Certainly, with second waves of COVID looming or already begun, and international border crossing presenting even more unknowns and potential peril, doubt forms. But, as I contemplated the perceived ease of remaining on land, in a house, in one town, I was struck by the "epiphany" that the very same pros and cons applied as when we made our original decision to sell up and leave. Again, essays and even books could be written about that subject. But the lure of cultures, travel, languages, wild nature, change, and real human connection persist in spite of the addition of uncertainty about a novel virus.

The flights east to Italy from Canada were even less eventful. Again, an entire row of seats each spoiled us entirely for a red-eye flight! Italy, like most of Europe, is welcoming Canadians with no special restrictions and tourism is allowed. However, unlike most of Europe, Italy asks arrivals from Canada to quarantine for 14 days. BUT, France does not require isolation for arrivals from Canada. So, after flying all night, my wife and I spent a long hot day recommissioning the boat and arranging provisioning; 36 hours after arriving in Italy we were at sea steaming to Corsica from Rome - 130 miles of oily flat seas with stops along the way to jump in for a cool down swim!

Corsica is mountainous, and compared with surrounding locations seems to have incredible forests of pine, oak, and eucalyptus. We never tire of forests.:) As a preview of the ongoing dynamics of COVID-related travel consequences, while we were in Corsica avoiding isolation in Italy, Italy introduced a new requirement for arrivals from Corsica to have COVID testing. And so there are extra challenges, but for us, the balance remains well tipped in favour of cruising the seas.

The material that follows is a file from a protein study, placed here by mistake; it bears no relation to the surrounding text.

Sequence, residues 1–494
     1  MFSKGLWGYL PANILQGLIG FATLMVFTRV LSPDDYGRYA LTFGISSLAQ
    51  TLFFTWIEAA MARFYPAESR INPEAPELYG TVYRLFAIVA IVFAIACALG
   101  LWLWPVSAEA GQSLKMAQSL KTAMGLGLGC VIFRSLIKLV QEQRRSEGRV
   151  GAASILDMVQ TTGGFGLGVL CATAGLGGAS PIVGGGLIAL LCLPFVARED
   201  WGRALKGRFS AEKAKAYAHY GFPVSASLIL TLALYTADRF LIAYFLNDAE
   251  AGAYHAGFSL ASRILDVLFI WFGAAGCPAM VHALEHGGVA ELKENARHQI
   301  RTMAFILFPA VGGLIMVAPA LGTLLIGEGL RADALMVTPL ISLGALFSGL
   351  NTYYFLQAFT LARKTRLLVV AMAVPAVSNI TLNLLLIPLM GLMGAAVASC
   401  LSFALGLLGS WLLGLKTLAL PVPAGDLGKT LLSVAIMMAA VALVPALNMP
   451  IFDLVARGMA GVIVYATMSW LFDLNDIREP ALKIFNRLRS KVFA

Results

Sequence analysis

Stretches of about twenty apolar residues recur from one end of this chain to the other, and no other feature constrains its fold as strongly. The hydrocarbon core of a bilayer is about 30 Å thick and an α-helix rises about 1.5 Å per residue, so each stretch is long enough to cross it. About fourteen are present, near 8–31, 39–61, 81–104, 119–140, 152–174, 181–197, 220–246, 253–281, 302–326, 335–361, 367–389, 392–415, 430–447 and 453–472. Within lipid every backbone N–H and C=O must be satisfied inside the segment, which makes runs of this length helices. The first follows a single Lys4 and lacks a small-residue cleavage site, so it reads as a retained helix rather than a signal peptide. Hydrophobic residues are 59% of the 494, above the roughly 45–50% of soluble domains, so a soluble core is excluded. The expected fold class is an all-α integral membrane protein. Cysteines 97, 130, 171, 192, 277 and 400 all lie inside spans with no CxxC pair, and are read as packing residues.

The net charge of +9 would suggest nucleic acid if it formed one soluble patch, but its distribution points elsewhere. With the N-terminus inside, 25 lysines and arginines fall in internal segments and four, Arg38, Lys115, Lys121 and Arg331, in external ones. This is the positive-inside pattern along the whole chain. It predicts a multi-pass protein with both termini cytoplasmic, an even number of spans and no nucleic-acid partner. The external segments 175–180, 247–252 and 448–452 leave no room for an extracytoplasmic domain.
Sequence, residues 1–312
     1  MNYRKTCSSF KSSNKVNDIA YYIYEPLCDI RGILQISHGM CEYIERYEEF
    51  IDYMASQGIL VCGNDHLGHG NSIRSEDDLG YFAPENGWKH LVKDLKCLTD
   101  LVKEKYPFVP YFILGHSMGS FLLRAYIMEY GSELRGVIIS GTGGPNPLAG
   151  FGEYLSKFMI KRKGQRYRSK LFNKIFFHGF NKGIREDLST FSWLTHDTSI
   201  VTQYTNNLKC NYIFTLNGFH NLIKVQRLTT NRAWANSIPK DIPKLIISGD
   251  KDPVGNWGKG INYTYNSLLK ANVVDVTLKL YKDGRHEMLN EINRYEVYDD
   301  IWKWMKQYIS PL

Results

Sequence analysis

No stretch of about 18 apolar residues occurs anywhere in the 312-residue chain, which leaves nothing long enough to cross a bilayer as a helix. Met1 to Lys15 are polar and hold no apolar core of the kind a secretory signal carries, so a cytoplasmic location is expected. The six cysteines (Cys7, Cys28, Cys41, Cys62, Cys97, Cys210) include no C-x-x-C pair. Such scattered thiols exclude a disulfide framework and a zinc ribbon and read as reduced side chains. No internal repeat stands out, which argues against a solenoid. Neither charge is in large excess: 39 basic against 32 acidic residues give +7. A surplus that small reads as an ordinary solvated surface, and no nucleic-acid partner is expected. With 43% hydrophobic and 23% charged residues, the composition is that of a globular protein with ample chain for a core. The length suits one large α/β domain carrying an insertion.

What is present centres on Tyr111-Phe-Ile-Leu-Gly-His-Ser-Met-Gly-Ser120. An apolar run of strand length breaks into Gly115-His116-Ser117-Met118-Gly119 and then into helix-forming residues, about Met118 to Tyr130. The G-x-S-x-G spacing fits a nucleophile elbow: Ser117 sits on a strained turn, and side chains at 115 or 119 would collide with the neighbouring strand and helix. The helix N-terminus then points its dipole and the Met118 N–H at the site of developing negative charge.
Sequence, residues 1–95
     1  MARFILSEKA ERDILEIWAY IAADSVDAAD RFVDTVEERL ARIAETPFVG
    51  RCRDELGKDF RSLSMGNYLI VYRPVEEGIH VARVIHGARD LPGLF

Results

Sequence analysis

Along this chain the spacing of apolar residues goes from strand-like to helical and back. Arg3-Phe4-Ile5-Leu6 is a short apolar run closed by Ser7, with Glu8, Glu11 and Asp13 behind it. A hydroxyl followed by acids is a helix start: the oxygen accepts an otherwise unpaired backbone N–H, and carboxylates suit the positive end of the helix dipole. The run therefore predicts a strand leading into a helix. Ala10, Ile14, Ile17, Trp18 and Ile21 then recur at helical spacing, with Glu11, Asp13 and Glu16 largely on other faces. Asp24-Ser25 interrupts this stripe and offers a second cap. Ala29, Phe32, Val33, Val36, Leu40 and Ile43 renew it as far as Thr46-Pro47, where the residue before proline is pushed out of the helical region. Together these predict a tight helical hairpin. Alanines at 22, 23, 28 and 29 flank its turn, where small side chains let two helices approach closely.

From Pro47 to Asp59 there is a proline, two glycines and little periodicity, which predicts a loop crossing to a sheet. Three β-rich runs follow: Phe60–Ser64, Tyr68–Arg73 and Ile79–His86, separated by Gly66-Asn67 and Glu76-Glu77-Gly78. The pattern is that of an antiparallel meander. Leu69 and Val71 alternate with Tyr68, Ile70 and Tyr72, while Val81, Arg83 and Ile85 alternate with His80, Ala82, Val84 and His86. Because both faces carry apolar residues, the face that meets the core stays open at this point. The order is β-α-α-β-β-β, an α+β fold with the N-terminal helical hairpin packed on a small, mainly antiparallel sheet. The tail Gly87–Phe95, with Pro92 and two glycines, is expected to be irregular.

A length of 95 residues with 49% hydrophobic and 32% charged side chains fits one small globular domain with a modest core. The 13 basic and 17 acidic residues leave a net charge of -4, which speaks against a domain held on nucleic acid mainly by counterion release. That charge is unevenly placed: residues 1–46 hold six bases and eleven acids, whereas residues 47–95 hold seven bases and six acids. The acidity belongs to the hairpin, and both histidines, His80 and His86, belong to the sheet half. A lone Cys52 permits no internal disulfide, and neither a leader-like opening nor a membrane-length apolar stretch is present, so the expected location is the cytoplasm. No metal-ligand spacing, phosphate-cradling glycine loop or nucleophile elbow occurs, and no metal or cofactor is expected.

Indeed, the fraternity of boaters seems stronger than ever in terms of like-minded people doing like-minded things. And now that the initial flare of uncertainty has passed, I am delighted to report that the mainstays of cruising life appear unchanged. In the three weeks since returning to cruising, I have had multiple experiences of taking the dinghy around loosely populated anchorages and engaging those on other boats. No more do we feel like everyone has contracted into their own worlds.

A wave and a smile still work wonders. My attempts at engaging fellow cruisers has been met with delighted smiles and a sense of relief and excitement on their part with sentiments like, "Yes! please come over and let's talk and meet each other and phew isn't it great to engage others again!" In just a few weeks, we've made friends with: a Danish flagged-boat and her Australian/Icelandic couple crew, a French family with a young daughter aboard, a (Californian, organic, funny) American and his German girlfriend, and via found a Dutch couple with their young son. After waiting all day for a fridge technician who didn't show up (yes, some things that test us have also not changed:), I spent yesterday playing in the green space near the free town wall of Olbia, Sardinia with five enthusiastic kids. I am convinced there is nothing more authentic and genuine than playing with children... on grass... under trees. And I am equally convinced that this simple joy has not changed in Millennia.

We are loosely bound south and east towards Greece.

This article has been provided by the courtesy of Ocean Cruising Club.